Private schools in Upper East appeal for folic acid tablets
Some private Junior High Schools (JHS) in the Upper East Region have appealed to the Ghana Health Service (GHS) to extend the Girls’ Iron and Folic Acid Tablets Supplementation (GIFTS) programme to cover their pupils.
Date Created : 10/24/2023 12:00:00 AM : Story Author : Godfre A. Polkuu/Ghanadistricts.com
The GHS and the Ghana Education Service with support from UNICEF and other development partners, started the GIFTS implementation programme in October 2017 across the 15 Districts and Municipalities in the Region.
The programme ensured that adolescent girls in Junior and Senior High Schools including Technical and Vocational Training Institutions, and adolescent girls not in school were given Iron Folic Acid (IFA) tablets once weekly.
Each tablet contains 60miligrams (mg) of elemental iron and 400 micrograms (mcg) of folic acid.
In-school adolescent girls took the IFA tablets every Wednesday throughout the term under the supervision of their teachers who were trained for the effective implementation of the programme.
The program targeted adolescent girls aged 10 to 19 years both in school and out of school, and women aged 20 years adopted by the GHS and its partners as one of several actions to reduce the high rates of anaemia in adolescents and women of childbearing age in Ghana.
Madam Patricia Asekabta, the Proprietress of the Nabula School Complex in Sandema, capital of the Builsa North Municipality, said “We the private schools are left out of the program, meanwhile we have girls who menstruate and need the folic acid.
“So if the Ghana Health Service can extend the folic acid tablets to our girls and once a while visit to check up on our pupils to make sure our girls are healthy, it will help them to learn effectively. They are also Ghanaian children,” she said.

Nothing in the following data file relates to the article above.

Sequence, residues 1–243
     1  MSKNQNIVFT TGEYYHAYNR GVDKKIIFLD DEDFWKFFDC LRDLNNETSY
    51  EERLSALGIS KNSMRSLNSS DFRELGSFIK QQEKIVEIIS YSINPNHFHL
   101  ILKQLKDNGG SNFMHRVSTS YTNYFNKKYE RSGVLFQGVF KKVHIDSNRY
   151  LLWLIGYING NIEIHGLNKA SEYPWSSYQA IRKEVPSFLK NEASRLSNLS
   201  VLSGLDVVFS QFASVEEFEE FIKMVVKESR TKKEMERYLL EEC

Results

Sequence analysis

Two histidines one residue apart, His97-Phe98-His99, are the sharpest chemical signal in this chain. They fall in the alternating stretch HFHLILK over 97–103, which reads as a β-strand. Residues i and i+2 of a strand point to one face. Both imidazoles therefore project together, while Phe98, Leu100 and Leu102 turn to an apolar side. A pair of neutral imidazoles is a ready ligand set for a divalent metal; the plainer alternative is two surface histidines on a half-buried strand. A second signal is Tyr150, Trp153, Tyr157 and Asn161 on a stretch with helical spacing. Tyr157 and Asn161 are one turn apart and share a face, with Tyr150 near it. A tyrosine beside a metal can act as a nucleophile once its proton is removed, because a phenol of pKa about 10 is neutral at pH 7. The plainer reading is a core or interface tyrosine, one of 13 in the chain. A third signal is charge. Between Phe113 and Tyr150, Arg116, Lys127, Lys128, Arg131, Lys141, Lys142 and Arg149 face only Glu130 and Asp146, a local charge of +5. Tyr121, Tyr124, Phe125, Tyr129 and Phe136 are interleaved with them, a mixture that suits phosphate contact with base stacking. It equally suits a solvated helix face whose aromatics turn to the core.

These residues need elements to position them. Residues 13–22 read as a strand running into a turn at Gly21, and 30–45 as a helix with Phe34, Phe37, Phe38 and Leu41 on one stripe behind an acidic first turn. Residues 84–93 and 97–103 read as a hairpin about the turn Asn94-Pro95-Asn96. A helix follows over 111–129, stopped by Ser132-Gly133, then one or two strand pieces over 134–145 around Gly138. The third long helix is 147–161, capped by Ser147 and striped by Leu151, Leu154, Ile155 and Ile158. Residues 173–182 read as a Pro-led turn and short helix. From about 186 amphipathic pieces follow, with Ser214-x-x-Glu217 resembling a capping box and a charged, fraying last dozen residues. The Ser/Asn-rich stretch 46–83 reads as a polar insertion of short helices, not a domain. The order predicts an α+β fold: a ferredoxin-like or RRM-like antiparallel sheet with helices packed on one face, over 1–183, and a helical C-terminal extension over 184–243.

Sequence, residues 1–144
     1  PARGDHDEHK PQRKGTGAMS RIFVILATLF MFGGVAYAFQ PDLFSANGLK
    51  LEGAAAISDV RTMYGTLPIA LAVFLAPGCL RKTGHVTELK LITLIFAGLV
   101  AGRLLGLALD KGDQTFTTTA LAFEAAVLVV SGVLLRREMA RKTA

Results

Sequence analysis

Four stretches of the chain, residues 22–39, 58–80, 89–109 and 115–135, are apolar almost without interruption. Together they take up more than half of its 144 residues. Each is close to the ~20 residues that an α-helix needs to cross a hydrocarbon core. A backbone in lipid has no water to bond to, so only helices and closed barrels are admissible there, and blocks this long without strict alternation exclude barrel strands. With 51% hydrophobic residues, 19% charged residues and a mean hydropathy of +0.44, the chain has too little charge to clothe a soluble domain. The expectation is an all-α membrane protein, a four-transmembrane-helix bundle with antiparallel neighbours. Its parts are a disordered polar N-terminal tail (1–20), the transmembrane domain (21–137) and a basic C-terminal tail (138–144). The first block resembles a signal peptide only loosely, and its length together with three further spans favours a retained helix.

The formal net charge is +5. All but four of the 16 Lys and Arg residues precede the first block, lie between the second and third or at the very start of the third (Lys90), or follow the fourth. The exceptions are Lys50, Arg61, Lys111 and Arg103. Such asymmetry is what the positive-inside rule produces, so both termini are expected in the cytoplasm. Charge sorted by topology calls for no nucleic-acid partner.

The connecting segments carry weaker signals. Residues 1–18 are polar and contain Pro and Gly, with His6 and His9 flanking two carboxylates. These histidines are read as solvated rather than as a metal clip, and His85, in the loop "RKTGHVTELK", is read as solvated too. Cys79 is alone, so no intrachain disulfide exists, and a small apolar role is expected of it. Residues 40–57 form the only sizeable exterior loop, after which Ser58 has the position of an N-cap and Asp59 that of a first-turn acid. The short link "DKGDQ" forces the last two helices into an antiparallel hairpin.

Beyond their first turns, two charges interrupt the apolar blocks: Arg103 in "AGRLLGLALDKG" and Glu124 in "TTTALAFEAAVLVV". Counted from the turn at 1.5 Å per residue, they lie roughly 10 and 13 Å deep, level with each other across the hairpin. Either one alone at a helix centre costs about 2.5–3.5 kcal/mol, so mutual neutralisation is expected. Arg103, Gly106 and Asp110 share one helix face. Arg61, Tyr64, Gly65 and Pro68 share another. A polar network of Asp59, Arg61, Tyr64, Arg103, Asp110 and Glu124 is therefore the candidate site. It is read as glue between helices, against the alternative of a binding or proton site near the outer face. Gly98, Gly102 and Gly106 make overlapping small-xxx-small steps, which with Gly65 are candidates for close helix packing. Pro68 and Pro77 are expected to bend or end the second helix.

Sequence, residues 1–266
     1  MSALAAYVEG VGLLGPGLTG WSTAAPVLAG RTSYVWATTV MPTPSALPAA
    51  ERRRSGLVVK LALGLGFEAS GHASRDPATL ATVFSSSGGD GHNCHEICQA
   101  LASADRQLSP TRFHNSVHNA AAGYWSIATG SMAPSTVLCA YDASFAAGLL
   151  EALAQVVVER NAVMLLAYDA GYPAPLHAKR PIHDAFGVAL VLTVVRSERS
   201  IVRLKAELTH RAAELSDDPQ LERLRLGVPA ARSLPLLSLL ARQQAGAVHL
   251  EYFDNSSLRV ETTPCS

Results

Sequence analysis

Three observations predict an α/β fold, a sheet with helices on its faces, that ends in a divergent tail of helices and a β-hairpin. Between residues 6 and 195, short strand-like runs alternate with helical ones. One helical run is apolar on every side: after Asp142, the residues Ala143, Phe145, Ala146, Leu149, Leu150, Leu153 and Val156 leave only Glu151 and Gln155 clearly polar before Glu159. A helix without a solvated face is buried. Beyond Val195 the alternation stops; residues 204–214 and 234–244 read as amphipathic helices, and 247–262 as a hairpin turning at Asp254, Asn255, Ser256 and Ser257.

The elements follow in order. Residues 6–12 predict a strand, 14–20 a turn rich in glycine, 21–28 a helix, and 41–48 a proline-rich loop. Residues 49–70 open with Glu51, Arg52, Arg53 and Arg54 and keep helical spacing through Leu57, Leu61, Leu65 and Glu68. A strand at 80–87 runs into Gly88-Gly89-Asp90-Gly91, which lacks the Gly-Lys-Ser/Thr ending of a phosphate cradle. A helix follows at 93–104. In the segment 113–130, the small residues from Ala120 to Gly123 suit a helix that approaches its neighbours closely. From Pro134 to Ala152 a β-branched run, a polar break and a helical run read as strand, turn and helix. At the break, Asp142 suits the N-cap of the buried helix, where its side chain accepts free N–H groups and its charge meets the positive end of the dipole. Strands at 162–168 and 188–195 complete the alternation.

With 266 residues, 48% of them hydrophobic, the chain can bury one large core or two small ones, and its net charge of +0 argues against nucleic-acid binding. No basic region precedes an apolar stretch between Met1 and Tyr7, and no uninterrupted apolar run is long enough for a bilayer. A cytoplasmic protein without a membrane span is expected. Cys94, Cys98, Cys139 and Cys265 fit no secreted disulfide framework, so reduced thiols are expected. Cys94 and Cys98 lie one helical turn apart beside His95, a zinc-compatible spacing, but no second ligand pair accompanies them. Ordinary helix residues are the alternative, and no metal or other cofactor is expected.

Some private schools in Bolgatanga, the Regional capital, to ascertain if the situation was the same, following Madam Asekabta’s appeal, it realized that while some were not aware of such a programme, others were aware but never benefitted.
At the Desert Pastures International School for instance, Mr. Benjamin Dotse, the Head of the Department, JHS, said the school had never benefitted from the programme, and noted that it would be of help if the GHS extended the programme to them.
Similar appeals were made by management of the Great Victory Academy and the Mount Sinai Educational Centre.
However, at the Nadeng-Zein Academy, Alhaji Baba Razak, the Head teacher of the school, said pupils within the age range for the folic acid tablets, had over the years benefitted from the programme.
“For this school, is regularly given. We are under Kumbangre, so the Community-based Health Planning and Services (CHPS) compound in Kumbangre comes with these folic acid tablets to give to our children.
“The last time this school received folic acid was last term, the month before vacation when it was administered to qualified children. It starts from age 10 above,” Alhaji Razak said.
He said eligible girls were often allowed to inform their parents about the tablets and with their permission, the health officials admitted the tablets to the pupils, adding that a teacher in the school was assigned to the programme.
Madam Gloria Yvonne Kobati, the Regional Nutrition Officer of the GHS, she confirmed that some private schools were left out of the programme, and said “For now, we do not have the tablets, if we get some, we will extend to the private schools.”